School Prayer Gets a New Day in Court

By Everett Carll Ladd. Everett Carll Ladd is executive director of the Roper Center of Connecticut. | The Christian Science Monitor, March 2, 1992 | Go to article overview
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School Prayer Gets a New Day in Court


Everett Carll Ladd. Everett Carll Ladd is executive director of the Roper Center of Connecticut., The Christian Science Monitor


ONE of the most controversial of Supreme Court decisions in the modern era is Engel v. Vitale, the path-setting 1962 ruling on school prayer. The court held in Engel that the "establishment clause" of the First Amendment, made applicable to the states by the Fourteenth Amendment, prohibited organized prayer or other religious observance in public schools.

Now the court returns to this issue in Lee v. Weisman, which poses the issue of whether the First Amendment prohibits the recitation of a prayer at public-school graduation exercises. Oral argument was heard last November, and the ruling is expected soon. Some observers believe the Supreme Court will modify Engel and grant greater scope for non-compulsory religious expression in schools and other public facilities.

For Americans interested in church/ state issues, the 30-year-old Engel decision is well worth rereading. The particular religious observance which the court then reviewed was a short, nondenominational prayer that the New York Board of Regents had caused to be written for use by school districts that wished to open the school day with a prayer.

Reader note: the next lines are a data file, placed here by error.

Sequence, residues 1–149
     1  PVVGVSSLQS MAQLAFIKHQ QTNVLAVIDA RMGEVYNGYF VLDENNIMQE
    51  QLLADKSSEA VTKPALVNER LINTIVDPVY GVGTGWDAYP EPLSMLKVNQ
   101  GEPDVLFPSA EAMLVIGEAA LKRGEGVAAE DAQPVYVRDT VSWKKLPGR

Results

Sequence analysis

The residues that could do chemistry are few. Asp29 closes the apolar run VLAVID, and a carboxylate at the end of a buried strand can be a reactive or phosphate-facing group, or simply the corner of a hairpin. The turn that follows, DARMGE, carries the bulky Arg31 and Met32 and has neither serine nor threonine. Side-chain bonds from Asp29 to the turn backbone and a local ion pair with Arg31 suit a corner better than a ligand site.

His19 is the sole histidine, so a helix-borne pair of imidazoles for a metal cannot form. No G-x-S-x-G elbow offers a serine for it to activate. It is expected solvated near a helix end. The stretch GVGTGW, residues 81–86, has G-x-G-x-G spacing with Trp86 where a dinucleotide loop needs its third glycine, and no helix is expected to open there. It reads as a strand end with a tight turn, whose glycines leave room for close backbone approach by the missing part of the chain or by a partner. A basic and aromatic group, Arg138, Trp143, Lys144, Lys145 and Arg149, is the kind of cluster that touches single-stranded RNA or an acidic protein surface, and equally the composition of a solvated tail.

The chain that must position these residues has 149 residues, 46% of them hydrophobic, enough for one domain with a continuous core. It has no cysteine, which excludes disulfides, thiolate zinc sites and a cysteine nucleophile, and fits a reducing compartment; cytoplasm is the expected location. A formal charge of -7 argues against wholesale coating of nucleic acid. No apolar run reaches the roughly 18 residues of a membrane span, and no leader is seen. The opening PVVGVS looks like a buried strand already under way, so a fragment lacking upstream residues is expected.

Delivering the opinion of the high court, Justice Hugo Black was sweeping in his insistence that the establishment clause - "Congress shall make no law respecting an establishment of religion"- left no room for any state prayer program, non-denominational or not.

Moreover, Justice Black argued, the Establishment Clause "does not depend upon any showing of direct governmental compulsion," and is violated by government action on behalf of religious belief whether the action operates "directly to coerce nonobserving individuals or not."

Potter Stewart was the one dissenting justice. He charged his brethren with misapplying a "great constitutional principle." Justice Stewart wrote: "I cannot see how an 'official religion' is established by letting those who want to say a prayer say it. On the contrary, I think that to deny the wish of these school children to join in reciting this prayer is to deny them the opportunity of sharing in the spiritual heritage of our Nation."

Justice William O. Douglas, concurring with the majority, devoted over half of his opinion to explaining what the case did not involve.

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